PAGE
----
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lippy

I-94 expired 10 months ago - Out of Status - Please help - URGENT

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Not to scare you but remember, USCIS has revoked lots of H1 petitions approved by error because that was a mistake and the same applies in your case too.

 

According to law, you were out of status for like 10 months and you did it knowingly. It will bite you one day. BTW did you contact murthy firm for help or not?? Why was the attorney you consulted was not helpful to you??

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Eventually someone will figure out you were illegally present and you will pay the consequences at that time.

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Eventually someone will figure out you were illegally present and you will pay the consequences at that time.

 

That is not correct. Upon extension, USCIS asks to replace I94 in passport with the one in the I797.

The OP says he had one all along per the following statement. There was no illegal stay.

 

" Upon re-entering the US (just a u-turn), the US guard said the I-94 on my I-797 is sufficient and he will not be giving me a new I-94 but he let me go back into the USA"

 

Forum members, please relax and do not pass comments that may cause needless stress to an already panicked immigrant.

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A person without valid I94 is considered out of status. In this case its 10 months, that's a big red flag.

 

Perhaps you did not read my post. The OP had a I94 from the I797 approval all along. It was just different from the one he got at POE.

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A person without valid I94 is considered out of status. In this case its 10 months, that's a big red flag.

 

Not just out of status. If the I-94 expired, it would have been an overstay, and the time towards a ban would have started. If the OP indeed was overstaying for 10 months, he has a 3-year ban, and would have been admitted in error. Leaving the country when a ban looms is a really bad idea unless the person has discussed the consequences with a good lawyer first.

The OP needs to see a GOOD immigration lawyer. There are lots of bad ones, as he found out, but a good one (e.g., from the law firm running this forum) can give him better advice.

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Perhaps you did not read my post. The OP had a I94 from the I797 approval all along. It was just different from the one he got at POE.

Read the very first post of this thread. OP's I94 expired 10 months ago and he is looking to renew his I94. So he was out of status for 10 months, but luckily officer at POE gave him new I94 and that doesn't mean that he is safe.

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Just an update to everyone. Couple of days back I returned from a 2 week vacation to India and was able to smooth sail through Immigration upon return and got a new e i94. Also my H1B extension has just been approved.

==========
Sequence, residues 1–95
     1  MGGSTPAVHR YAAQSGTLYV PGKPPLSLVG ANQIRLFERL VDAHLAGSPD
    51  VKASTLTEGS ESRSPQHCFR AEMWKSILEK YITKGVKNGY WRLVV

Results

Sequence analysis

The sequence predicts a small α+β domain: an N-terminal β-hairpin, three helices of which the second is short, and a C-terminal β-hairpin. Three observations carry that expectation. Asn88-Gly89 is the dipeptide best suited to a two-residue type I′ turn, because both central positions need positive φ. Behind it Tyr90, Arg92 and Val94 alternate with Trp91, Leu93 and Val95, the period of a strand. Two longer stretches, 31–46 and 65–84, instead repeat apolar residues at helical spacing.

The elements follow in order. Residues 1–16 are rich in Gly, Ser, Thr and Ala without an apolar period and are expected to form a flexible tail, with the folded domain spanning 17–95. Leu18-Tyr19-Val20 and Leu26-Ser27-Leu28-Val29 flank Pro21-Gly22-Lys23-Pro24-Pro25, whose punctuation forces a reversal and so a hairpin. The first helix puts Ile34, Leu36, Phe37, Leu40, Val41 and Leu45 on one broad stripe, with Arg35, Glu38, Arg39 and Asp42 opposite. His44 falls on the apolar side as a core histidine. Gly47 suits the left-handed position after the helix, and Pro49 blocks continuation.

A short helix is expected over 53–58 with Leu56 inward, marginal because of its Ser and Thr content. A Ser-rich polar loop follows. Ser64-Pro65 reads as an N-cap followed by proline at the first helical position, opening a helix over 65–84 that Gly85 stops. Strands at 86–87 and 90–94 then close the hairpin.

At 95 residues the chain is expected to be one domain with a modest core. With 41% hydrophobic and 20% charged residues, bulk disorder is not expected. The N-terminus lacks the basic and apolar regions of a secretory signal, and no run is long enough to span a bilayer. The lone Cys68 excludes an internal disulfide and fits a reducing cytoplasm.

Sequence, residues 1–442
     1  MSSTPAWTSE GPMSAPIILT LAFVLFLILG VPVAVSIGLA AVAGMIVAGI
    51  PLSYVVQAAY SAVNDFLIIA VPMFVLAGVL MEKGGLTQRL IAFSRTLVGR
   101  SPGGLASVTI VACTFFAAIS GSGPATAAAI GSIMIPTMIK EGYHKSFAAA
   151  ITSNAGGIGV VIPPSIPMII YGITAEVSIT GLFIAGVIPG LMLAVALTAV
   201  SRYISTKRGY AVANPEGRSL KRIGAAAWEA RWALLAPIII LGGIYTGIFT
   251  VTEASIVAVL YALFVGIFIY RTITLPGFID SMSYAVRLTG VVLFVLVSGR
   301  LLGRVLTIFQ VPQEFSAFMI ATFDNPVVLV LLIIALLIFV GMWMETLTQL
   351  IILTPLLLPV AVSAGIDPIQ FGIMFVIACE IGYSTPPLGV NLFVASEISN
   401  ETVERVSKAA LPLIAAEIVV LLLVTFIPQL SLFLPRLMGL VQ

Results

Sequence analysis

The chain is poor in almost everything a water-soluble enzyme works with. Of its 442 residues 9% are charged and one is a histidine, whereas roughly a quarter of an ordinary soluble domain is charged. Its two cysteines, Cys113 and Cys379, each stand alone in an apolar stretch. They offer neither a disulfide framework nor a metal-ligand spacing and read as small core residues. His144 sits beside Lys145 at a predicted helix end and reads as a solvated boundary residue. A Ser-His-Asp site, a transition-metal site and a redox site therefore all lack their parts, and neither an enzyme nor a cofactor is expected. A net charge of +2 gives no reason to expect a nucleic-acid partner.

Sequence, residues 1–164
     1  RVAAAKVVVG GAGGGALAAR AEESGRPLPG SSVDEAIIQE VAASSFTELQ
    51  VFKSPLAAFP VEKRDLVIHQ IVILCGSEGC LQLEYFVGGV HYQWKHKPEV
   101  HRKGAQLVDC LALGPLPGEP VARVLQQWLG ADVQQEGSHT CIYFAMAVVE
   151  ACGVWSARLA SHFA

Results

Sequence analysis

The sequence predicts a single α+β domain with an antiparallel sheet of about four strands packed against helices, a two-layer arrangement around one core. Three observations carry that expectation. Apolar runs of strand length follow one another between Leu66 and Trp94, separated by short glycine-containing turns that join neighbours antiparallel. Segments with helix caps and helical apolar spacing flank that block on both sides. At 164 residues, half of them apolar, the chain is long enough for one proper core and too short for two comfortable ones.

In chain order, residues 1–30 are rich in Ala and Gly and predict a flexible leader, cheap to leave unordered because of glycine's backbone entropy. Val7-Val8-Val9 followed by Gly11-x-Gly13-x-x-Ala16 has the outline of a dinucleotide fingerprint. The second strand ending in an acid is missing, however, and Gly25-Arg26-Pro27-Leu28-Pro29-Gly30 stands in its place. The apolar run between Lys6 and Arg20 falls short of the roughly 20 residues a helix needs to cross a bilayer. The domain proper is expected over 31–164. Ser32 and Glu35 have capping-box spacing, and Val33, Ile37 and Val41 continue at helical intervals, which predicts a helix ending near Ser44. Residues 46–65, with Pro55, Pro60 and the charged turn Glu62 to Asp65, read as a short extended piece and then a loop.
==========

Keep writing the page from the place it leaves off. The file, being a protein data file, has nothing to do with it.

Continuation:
Maybe some of you are right that I will have to pay the price for this at some point. Perhaps during AOS of greencard ... who knows? After this experience Ive learnt to just relax and let the system take care of these things. Theres only so much in your hands specially after such oversights occur. I'll cross that bridge when it comes and if need be I'll return home.

Till then I march on and live to fight another day.

 

Good luck to all!

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I was in a similar boat but got out of it legally, so it's my turn to pass the information to anyone that is interested.

 

My Story:

 

My H1B Visa expires in 2015, however my passport itself was set to expire in May 2014.  As a result my I-94 (electronic) had the expiry date of May 2014.  Since the I-94 cards are all handled electronically instead of the traditional piece of paper they stapled on your visa page, I did not notice I-94 expiry date until August 2014.

 

I luckily work for a large company that IMO has some of the best immigration lawyers.  This company is a global org and they themselves own an immigration law firm that handles all of the company's immigration work.  

 

Once I discovered the fact that I was working for over 2 months on an expired I-94, I immediately called HR and they in turn scheduled a phone call with the legal immigration team and myself.  Here are the options that were presented to us:

 

1.  File an NPT Petition requesting USCIS to backdate the I-94 and explain that this was an administrative error.

2.  Leave the country, for a few days and get a new I-94 upon re-entrance (will work as well)

3.  File a new H1-B petition all together, which will involve you getting a new H1-B stamp

 

Options 2 and 3 will work however it won't "forgive" the time you were illegally in the country.  The lawyers said that every time you file for a Visa, when asked "have you ever been present in the US illegally", you will have to answer "Yes".

 

Option 1 will pardon your illegal time in the US and you can answer "No" to the DS-160 question.  There are some caveats though.  

 

USCIS approves NPT's if the situation was out of the applicant's hand AND as long as their intent is not to stay in the country for long.  Basically if you have an approved I-140 for your GC, then this could ruin your chances of getting an approved NPT.  This is where the good lawyers come in, and they can "build a story" around this issue explaining how you were shorted on your I-94 and were initially approved for a longer period of stay.  Again, a good experienced lawyer can turn this around for you.  

 

My advice to everyone:

 

Please please please pick up the phone and consult a good immigration lawyer.  The ones running this forum I hear are pretty good.  Do not cheap out on this, this is your life in the US we are talking about.  Make sure you do your research and get the right immigration lawyer.

 

If you have the option, always file a NPT (Nunc Pro Tunk) petition for these things.  This is the ONLY method that will pardon your illegal time in the US.  The other mentioned are more like temp fixes, but the illegal stay will come back to haunt you if you ever apply for a green card.

 

My company filed a premium process and I got my approval notice in 9 days, and was technically legally allowed to work again that same day.  However, due to some re-hiring paper work, I chose my start date a week later to enjoy 1 week vacay :-)